From amputee rock climbers to high-altitude hula-hoopers to cave unicyclists, the Lookout Wild Film Festival offers attendees the opportunity to see more of the outdoors in the Southeast and around the world, experience a sense of awe and exhilaration and witness the extraordinary stories of extraordinary people, all without having to leave the Scenic City. Here, learn more about Chattanooga's very own outdoor-adventure film festival.
Festival Director Andy Johns says that when his son was born, the baby didn't seem to sleep for his first two years. Johns would be up at odd hours of the night to look after the baby, and during those times, he wanted to watch something that wasn't an explosive action movie. This brought about his discovery of adventure films focused on surfing, skiing and other outdoor activities. Finding these kinds of films was eye-opening for Johns and led him to encounter outdoor-adventure film festivals and consider starting one of his own with his friends.
Chattanooga, with its reputation as a destination city for outdoor enthusiasts, was the perfect place for this kind of film festival, Johns says. He jokes that there was a sense of urgency to establish the festival before Asheville had the chance to do it first.
At the inaugural Lookout Wild Film Festival in 2012, there were about 300 people for the whole weekend of the festival's run, according to Johns. The attendance numbers were disappointing and sowed the seeds of doubt within the founders of the fledgling festival. However, the next year's festival showed more promise.
"The next year we did it, we had about 1,400 people," he says, "and it was all of a sudden like, 'Wow, there are people here; people care. Maybe we're onto something here.'"
Walk on the Wild Side
When you go to the festival, you're going to see stories from a wide variety of outdoor disciplines, Johns explains, and you'll see an audience filled with outdoor enthusiasts who have come together to witness each other's stories on the big screen.
He says that what people are often surprised by is the emotion the films evoke and the characters the films follow. For example, one year, the festival screened "Paul's Boots," about a man, Paul, who died of cancer before he could realize his dream of hiking the Appalachian Trail. Paul's wife then asked different hikers to take his boots with them on their trail hikes so that, in a way, Paul's dream would become a reality.
The festival screens films from national and international filmmakers each year, but there is an emphasis on regional and local stories, from the swamps of Florida to the waterfalls of North Carolina to right here in the Chattanooga area. According to Johns, the Southeast is often overlooked by other outdoor-adventure film festivals, so by screening regional and local films, the festival is able to showcase all the potential that the region, including Chattanooga, has to offer.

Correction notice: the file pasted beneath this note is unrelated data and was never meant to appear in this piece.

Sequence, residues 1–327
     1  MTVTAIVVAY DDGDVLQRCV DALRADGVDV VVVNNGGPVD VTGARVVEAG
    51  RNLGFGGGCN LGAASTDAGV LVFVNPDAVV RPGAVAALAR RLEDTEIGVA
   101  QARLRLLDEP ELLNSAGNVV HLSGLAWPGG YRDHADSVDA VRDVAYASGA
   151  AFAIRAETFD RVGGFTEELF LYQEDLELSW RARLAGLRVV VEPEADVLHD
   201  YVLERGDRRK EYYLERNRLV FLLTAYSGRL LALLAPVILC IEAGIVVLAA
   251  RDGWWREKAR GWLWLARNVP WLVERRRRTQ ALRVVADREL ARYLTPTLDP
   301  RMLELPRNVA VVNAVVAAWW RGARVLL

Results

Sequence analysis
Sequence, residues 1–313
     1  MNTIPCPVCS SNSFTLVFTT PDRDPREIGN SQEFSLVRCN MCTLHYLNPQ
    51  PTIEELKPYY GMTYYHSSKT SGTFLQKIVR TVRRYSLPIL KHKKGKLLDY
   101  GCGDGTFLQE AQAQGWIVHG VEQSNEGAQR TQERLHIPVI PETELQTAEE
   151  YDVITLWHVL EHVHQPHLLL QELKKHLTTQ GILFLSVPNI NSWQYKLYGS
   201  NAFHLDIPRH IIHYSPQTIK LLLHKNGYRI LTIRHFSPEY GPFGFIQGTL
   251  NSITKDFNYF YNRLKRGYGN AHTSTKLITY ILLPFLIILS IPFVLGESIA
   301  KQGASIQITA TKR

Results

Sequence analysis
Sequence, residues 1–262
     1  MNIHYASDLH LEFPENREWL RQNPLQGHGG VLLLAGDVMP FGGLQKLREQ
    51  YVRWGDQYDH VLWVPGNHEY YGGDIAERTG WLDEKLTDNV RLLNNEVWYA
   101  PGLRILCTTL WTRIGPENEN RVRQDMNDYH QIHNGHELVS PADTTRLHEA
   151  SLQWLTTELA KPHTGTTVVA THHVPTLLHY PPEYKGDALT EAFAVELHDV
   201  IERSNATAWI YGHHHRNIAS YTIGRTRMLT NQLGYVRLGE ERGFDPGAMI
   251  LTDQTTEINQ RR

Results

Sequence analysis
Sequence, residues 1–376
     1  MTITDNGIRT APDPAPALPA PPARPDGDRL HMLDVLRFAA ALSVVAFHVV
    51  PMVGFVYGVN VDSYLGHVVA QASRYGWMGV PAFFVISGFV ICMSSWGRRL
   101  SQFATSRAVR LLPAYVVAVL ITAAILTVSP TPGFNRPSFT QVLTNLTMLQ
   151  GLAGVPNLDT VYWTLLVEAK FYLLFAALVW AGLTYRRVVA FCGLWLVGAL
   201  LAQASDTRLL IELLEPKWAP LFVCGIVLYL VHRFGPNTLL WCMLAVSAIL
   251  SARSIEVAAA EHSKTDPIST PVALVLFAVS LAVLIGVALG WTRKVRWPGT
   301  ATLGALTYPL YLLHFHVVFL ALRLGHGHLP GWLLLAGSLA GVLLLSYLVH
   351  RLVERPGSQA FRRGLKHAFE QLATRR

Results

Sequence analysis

Making the Cut
Steve Rogers, the festival's programming director since 2018, works with a team of screeners each year to sift through film submissions and whittle them down from around 300 to about 80 to create the festival's core program. Films vary in length from a couple of minutes to two hours and are evaluated by the screening team to determine if they fit the festival's style. Films that make the cut, Rogers says, tend to be ones that feature inspirational stories, action, beautiful scenery and/or the local area. Quoting Johns, Rogers says that the festival's films are more than just action highlight reels.
"Andy always says, 'This [festival] is not a bunch of 20-year-old white kids doing backflips on BMX bikes to dubstep music,'" Rogers says. "We want to emphasize that these [films] are about stories that inspire, stories that will amaze people."
In the past few years, Rogers and his team have had 20 hours' worth of films that are selected for the festival, but the festival's core program is typically 15 hours. To showcase the five hours of films that were eliminated, the festival worked with its sponsors, Wanderlinger Brewing Company and Rock Creek, to host pop-up screenings throughout the year to show the films. Through raffles and beer sales, Rogers says that the screenings helped raise money to support local nonprofits.
The story of the festival is a story of change. File formats have changed from DVD to digital. Venues have changed from the Choo Choo Centennial Theatre (which itself has changed into The Signal) to the Walker Theatre. Attendance has changed from a few hundred to several thousand. And as with all change, there are some difficulties.
The festival is a completely volunteer-operated, nonprofit organization; even festival organizers like Johns and Rogers are volunteers, they say. There have been years when the festival failed to break even, Johns says, and in the years it has made a profit, those funds are used to help finance the next year's festival.
After the 2023 event, Johns says that there was talk of ending Lookout Wild due to the amount of work it requires. While it isn't anyone's main job to work on this festival, planning and programming often require what feels like full-time hours, Johns and Rogers say. However, while Johns was depositing checks for the festival at the bank, he says that the teller saw the Lookout Wild name and said that she had attended the festival; she told Johns that she and her husband were deeply inspired by the film "Paul's Boots."
"[This festival] is something bigger than we ever expected it to be," Johns says, reflecting on the interaction. "And maybe we've got a few more years left in us to keep it going."